A few will actually confront the flunktionaries and threaten to go to their superiors. This will sometimes get the flunktionary to renege, but there are also times you actually do have to call their boss. But if you are going to call the boss, do it quickly because you can bet the flunktionary will be running down the hall to let the boss know that you are overreacting and that your paperwork really, really, really is incorrect.

Occasionally, you can be successful in your dealings with flunktionaries. More often than not, however, you will just be frustrated by them. Often, you will wish there was some way to send a zap charge through the phone.

Unfortunately, flunktionaries never seem to get fired.
In fact, sometimes they get promoted.
And then you're really flunktioned!

Monday, June 23, 2014

Slice of Life

  A man asked me yesterday if I wanted to buy a power drill.
  I was sitting in my car, waiting outside a supermarket for Laurie and Chuck, when he walked over and asked if I needed one. Last weekend we actually did, as Chuck's got misplaced in the move and he had to buy a new one. Not so any more.
  He walked over to a few others who were also sitting in their cars, but found no buyers.
  Having exhausted his pool of potential purchasers, he came back to me and asked, "Are you sure you don't need a drill?"
  When I assured him that I was, he asked, "Want me to wash your car?"
  This struck me as an odd idea, since there was nothing he could use to do it anywhere that I could see. I smiled and told him no, thanks.

  He told me he'd been down on his luck. That he'd had a job at a nearby condo community for eight and a half years, but when he took ten vacation days off to visit his ailing mother out of state, he came back to find out that a new supervisor had taken over who told him he was no longer needed.
   He said that he was successful in a suit for unlawful termination, but it got him a cash settlement rather than his job back. That money has since run out and his quest for new employment has been fruitless. "My wife is a good woman," he said, "but it's tough. And," he confessed, "I've been drinking, probably too much sometimes."
  And so, here he was, in a supermarket parking lot, trying to sell his drill and offering to do any odd job (like wash my car) to make some money.

  I wish I had the power to create work for people who want jobs but can't get find one, like this man seemed to. Life shouldn't be so tough here in the greatest country in the world. But it is...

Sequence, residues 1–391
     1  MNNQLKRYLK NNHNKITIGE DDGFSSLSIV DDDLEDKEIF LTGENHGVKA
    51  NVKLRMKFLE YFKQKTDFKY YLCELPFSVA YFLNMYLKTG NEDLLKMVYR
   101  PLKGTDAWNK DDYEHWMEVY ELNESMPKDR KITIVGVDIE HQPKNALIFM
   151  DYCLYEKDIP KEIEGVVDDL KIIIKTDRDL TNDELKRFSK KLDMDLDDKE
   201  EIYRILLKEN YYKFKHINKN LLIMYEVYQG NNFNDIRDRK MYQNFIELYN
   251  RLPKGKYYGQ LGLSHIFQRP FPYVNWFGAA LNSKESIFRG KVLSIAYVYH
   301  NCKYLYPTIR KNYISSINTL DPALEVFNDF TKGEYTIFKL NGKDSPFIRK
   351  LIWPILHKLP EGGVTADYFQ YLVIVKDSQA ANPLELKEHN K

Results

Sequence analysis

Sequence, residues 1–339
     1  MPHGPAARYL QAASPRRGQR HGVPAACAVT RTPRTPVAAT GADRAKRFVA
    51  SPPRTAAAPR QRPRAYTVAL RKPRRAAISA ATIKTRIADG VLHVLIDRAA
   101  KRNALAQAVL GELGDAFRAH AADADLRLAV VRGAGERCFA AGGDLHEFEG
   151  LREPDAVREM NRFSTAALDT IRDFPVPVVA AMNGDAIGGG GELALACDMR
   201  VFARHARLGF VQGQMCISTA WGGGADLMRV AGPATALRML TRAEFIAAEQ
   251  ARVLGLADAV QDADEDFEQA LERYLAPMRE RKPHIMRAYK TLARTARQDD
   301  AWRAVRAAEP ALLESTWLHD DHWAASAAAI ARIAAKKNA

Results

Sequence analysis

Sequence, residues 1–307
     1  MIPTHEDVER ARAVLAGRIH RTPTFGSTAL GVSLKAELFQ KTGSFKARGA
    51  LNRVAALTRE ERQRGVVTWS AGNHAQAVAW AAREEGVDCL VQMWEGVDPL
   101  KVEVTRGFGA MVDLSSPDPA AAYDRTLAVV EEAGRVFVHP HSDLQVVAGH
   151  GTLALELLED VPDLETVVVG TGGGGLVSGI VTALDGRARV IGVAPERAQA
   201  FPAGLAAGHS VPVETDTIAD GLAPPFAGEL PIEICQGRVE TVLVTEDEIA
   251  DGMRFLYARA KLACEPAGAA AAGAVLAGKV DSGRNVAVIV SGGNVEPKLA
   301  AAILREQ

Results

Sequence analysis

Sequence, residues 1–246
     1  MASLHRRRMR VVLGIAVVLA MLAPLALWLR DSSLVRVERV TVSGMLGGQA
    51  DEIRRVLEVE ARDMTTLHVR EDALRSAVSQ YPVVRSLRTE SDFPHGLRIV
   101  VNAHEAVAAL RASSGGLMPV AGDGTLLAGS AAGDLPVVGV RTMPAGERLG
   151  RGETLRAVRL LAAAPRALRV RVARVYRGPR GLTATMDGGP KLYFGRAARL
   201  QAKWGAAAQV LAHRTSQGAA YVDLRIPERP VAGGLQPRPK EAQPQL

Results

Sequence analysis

I gave him a couple of dollars and wished him luck. He thanked me and walked off in search of someone who needed a drill.

Saturday, June 21, 2014

San Diego Comic-Con (or Comi-Con)

  USA Weekend has an article titled "The Best of Summer" and it includes the "10 Best Reasons to Go to Comic-Con." Directly under the title, it says "Comi-Con [sic] is July 24-27 in San Diego." We'll ignore the lack of proofreading along with the fact that there are plenty more comic book conventions around the country.
  Among their reasons to attend are the chance to see movie trailers and TV pilots as well as buy exclusive collectibles featuring Star Wars and My Little Pony. Also, you can wear whatever you want (including your homemade superhero costume) and take Instagram-postable pictures of others in costumes. They advise that it is generally okay to say hello to any celebrities you come across, either on the convention floor or at the hotel bar and that even if you don't have tickets to the actual con, there are free events and nightly parties that you can attend. (That last one is important because, if you don't already have tickets, you aren't getting in; they have been sold out for months.)
   Oh, and in case you were wondering, "Frame-worthy art awaits. Pack a sketchbook and visit Artists' Alley, where many folks are happy to draw whatever your heart desires." Hmm, seems to me that most, if not all, of those "many folks" are comic book artists. And comic books are what give Comic-Con its raison d'etre. Or, at least, they did once upon a time.
   These days you would never know. You might think Comic-Con got its name because Don Rickles, Jerry Seinfeld and Joan Rivers used to hang out there. Trying out their new nightclub routines, showing trailers of their new movies and sneak peeks at their TV shows.

Friday, June 20, 2014

Alex Comes for a Stay

Chuck and Rebecca are moving into their new home this weekend, so Alex is staying with us for as couple of days. This evening, he showed "Gappa" how to do a couple of puzzles...